The University of Michigan (U-M) seeks nominations and invites applications for the position of Director of the Center for Research on Learning and Teaching (CRLT). Read more »

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The Center for Research on Learning and Teaching (CRLT) at the University of Michigan has an opening for a postdoctoral research associate with a focus on assessment and evaluation. Read more »

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How do U-M undergraduates choose their courses and majors? CRLT recently investigated this question for five LSA departments by analyzing Registrar data, surveying students, and conducting student focus groups. Our findings can help faculty and programs across the university successfully inform students about their offerings and increase the numbers of students who take advantage of them. A summary of the results and recommendations can be found here.

Some of our key findings about students' selection processes include:

  • Above all, students use the online Course Guide (rather than printed publicity such as posters) to learn about course options. They look to departmental websites for information to help guide their decisions about concentrations. 
  • Other people strongly influence students' course and concentration choices. These include their academic advisors (especially in the first and second year), their peers, and their parents. 
  • While meeting a requirement is reported as the primary reason students choose a course, the second is an "interesting topic" -- often defined as an interdisciplinary course or a class that makes connections to future professional/educational plans.

What practices do these findings suggest if you're interested in recruiting students? Some include: Read more »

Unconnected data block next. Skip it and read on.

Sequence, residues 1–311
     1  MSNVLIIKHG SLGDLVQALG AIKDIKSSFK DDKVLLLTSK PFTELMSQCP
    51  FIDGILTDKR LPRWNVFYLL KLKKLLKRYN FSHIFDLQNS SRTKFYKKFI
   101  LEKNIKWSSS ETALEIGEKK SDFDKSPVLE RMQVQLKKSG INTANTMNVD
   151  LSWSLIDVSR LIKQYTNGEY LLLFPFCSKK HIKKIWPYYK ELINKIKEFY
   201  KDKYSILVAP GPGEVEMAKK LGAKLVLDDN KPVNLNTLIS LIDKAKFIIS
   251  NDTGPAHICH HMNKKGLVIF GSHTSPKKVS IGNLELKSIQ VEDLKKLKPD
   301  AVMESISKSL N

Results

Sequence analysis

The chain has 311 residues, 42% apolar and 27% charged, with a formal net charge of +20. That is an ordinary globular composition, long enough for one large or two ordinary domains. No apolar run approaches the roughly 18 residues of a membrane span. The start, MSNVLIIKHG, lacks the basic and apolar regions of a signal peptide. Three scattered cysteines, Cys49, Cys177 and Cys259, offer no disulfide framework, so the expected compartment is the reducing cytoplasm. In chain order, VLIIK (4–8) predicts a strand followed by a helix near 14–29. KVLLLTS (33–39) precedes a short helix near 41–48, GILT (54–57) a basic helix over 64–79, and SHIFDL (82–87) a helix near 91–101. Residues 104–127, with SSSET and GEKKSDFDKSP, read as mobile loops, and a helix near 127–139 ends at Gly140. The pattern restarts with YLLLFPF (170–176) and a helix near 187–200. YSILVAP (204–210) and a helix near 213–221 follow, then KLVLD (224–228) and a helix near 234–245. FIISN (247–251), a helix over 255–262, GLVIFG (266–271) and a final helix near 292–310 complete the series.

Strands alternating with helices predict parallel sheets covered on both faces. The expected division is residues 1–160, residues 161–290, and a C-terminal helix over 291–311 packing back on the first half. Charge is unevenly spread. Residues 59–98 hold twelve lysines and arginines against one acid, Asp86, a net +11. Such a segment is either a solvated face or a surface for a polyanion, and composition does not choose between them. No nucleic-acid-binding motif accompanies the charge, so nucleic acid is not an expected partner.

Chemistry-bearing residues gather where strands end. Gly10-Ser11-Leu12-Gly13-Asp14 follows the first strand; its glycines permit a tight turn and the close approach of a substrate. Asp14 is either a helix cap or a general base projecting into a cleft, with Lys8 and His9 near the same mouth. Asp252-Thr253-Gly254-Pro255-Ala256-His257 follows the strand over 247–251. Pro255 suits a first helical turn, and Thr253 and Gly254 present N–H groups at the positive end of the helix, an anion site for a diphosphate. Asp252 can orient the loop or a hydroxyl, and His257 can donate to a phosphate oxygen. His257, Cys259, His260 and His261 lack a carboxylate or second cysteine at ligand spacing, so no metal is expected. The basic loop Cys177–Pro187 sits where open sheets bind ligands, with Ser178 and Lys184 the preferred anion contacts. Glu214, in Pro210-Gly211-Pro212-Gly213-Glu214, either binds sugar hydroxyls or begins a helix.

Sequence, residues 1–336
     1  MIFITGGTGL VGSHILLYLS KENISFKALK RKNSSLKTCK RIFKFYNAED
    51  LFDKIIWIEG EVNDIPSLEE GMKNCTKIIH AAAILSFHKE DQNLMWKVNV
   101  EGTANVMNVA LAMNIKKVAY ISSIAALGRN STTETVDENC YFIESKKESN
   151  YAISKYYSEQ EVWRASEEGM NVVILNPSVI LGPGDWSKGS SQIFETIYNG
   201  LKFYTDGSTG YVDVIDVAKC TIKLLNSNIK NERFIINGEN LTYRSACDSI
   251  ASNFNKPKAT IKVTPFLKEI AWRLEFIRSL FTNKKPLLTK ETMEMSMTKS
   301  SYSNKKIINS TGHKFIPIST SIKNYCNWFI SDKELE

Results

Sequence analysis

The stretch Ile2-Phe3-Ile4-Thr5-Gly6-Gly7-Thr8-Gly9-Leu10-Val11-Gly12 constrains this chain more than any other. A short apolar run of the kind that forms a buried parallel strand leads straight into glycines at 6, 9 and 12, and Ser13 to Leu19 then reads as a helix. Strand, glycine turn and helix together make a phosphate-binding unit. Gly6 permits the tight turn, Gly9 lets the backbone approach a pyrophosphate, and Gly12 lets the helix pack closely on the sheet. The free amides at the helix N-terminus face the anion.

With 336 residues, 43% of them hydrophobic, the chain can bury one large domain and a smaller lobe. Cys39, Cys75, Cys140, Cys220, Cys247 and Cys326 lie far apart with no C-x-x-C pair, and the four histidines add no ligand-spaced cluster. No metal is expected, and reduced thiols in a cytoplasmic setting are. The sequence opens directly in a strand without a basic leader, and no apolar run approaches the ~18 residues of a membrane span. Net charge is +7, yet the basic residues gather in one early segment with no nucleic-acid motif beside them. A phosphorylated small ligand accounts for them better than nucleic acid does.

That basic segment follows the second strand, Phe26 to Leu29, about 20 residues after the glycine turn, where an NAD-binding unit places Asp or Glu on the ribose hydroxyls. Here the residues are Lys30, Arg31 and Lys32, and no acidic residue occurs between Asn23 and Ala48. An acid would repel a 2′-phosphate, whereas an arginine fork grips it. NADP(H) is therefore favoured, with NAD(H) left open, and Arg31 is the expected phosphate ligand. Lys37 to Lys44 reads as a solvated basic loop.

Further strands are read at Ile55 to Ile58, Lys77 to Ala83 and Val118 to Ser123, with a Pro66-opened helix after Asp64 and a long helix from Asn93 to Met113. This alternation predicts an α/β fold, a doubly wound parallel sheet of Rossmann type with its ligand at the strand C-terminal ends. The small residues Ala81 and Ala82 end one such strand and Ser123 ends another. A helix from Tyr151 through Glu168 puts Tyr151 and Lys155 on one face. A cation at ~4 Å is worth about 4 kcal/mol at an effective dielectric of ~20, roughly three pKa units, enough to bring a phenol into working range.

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CRLT is accepting applications through Monday, February 23, for the May Preparing Future Faculty (PFF) Seminar, which interested graduate students can learn more about here. In this guest post, Screen Arts and Cultures PhD student Katy Peplin reflects upon her experiences in the seminar last spring.

As with so many opportunities in graduate school, I was thrilled beyond measure to be teaching my own course in the Summer term of 2015, but was filled with an equal measure of fear. I had many goals, and spent a great deal of time imagining all the ways that my class would transcend all previous classes. It would be challenging and accessible, discipline specific and yet inviting to everyone, and be effortless to prep and teach. In my years as a GSI and as a student myself, I had cultivated considerable “back seat driving” skills when it came to others’ courses, but I had no language or framework for translating my opinions about what did and didn’t work about other courses into a syllabus or teaching philosophy.

Luckily for me, the notification of teaching assignments was in my inbox as the email encouraging me to apply for the Preparing Future Faculty (PFF) seminar arrived. When I read that I would leave the 10 day seminar with a course syllabus, in addition to a teaching philosophy and a CV item, I jumped at the chance and applied. What I didn’t know is that not only would PFF help me shape my syllabus, but it would help me shape myself as a teacher, a scholar and a professional as well. Read more »

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Recent months have seen heightened national conversation about the ways implicit biases can perpetuate racial and gender disparities in powerful domains from policing to hiring. This conversation invites us as teachers to examine the ways our implicit attitudes might negatively affect our perceptions of and behavior towards students in our classes. As teachers, we assume responsibility for fostering the learning of all students in our classes. Even when we have the best of intentions, subtle biases that we're unaware of can undermine our efforts at creating inclusive classrooms.

What are some practices that can help us check our own assumptions and biases about our students? And how can we safeguard against our implicit biases—i.e., attitudes we may not even be aware of—negatively affecting students’ experiences in our classes?

Some strategies for becoming aware of our potential biases (or their negative effects) in teaching include: Read more »

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